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She was, by far, the greatest star.
And everyone knew it.
Now Barbra Streisand has added “author” to her resume.
My Passion for Design is billed by Viking flaks as a book that “focuses on the architecture and construction of her newest home, the dream refuge she has longed for since the days when she shared a small Brooklyn apartment with her mother, brother and grandparents.”
Actually, it’s a 288-page exercise in excess, of self-indulgent pleasure, a glossy and slick photographic smear against the unemployed, the working class, the ordinary Joe.
Streisand has more money than you and I ever will have, and she makes sure you and I know it. Most of the photos were taken by Babs . . . of a zillion-dollar home that looks uncomfortable and actually resides only in the pages of AD. She offers a tour of her basement which is more of a strip mall, complete with stores that have only one customer.
She writes about polluters and those who destroy the environment, yet has no problem telling us she cut down dozens of trees to make room for a pool. If I didn’t see her name and photo on the dust jacket, I would have bet her Tiffany lamps that this book was a cruel hoax, a pitiful year-end practical joke.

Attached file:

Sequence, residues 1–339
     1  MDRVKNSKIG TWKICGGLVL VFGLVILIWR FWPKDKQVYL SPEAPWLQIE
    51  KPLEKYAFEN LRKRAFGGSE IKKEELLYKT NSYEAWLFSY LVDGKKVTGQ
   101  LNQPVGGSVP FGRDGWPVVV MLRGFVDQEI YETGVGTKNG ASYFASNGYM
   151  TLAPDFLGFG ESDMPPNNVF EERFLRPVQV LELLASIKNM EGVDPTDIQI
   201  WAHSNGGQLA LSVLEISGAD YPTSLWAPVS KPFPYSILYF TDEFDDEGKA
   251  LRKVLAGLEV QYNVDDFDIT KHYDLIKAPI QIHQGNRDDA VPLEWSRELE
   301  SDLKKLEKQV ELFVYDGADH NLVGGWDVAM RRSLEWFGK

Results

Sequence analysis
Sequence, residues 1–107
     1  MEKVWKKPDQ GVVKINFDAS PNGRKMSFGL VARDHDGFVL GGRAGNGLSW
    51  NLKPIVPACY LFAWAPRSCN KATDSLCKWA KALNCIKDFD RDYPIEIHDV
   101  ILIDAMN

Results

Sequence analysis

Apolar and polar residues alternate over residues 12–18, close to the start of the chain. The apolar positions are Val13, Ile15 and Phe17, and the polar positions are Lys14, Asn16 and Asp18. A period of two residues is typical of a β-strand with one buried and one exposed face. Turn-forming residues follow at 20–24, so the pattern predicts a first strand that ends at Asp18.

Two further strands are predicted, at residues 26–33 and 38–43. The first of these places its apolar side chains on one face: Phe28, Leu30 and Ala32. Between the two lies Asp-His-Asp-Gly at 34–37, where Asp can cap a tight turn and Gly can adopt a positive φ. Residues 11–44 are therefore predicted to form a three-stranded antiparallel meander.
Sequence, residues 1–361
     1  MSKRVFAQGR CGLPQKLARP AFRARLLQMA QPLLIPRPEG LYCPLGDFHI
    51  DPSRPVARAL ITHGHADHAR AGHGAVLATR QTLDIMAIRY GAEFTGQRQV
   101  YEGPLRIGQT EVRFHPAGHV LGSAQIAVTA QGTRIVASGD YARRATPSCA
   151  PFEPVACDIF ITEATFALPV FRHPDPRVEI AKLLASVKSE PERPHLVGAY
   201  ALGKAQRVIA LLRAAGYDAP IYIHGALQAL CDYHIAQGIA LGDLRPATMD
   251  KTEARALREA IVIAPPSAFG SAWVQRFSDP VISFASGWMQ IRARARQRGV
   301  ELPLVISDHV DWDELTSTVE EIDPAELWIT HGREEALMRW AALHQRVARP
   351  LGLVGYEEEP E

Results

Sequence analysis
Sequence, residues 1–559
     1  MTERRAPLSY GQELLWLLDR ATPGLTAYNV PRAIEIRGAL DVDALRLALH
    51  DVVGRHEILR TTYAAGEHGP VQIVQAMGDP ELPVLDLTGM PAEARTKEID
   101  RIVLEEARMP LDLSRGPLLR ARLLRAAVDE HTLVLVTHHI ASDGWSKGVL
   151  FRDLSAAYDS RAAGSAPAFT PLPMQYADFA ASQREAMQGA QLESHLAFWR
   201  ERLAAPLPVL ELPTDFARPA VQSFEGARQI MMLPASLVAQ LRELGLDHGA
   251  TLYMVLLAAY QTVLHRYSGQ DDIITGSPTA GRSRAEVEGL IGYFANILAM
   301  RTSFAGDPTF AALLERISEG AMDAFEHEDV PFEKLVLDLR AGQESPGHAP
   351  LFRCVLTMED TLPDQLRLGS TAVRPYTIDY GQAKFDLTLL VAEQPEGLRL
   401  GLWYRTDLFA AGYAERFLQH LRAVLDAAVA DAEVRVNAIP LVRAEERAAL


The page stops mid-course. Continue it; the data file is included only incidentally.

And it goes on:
Streisand promises “a portion of the proceeds” from the sale of the book will be donated to the Barbara Streisand Women’s Cardiovascular Research and Education Program at the Cedars-Sinai Medical Center.” A portion? At $60 ($500 for the “deluxe edition,” signed and numbered with a DVD tour directed and narrated by guess who!), she should give all profits to needy causes.
I love her talent, but I have lost my respect for the woman. This isn’t pretty or funny, girl.
It seems Babs will do anything for self-promotion; perhaps she should have monitored the person she hired at Cedar-Sinai as closely as the person she sent to China to color correct the book’s page proofs as they came off the printing press.
Babs recently held two contests: Make a donation to her heart fund and win a chance to Tweet her a question (which she would answer, then follow you on Twitter). Inquiring minds could email someone named “Falco” and get the winner’s name.
The second contest: Make a donation and win an autographed copy of the book!
I sent “Falco” an email asking for the name of the Tweeter winner.
This is what I got back:
“Thanks so much for the email. Please consider yourself entered in the sweepstakes. I predict you win and I’m only saying that to you. That’s not true…I’m saying that to everyone.”
I sent a second email, reminding “Falco” of my original question and suggesting how rude the first email was, making people think they would win the contest.
Falco’s second response:
“I’m the absolute worst and as unprofessional as they come. So sorry for the mistake.”
The person Babs Twatted? “A winner has been chosen and here is our very short list of winners: Vicky Roberts.”
Oh, to be able to be the way we were.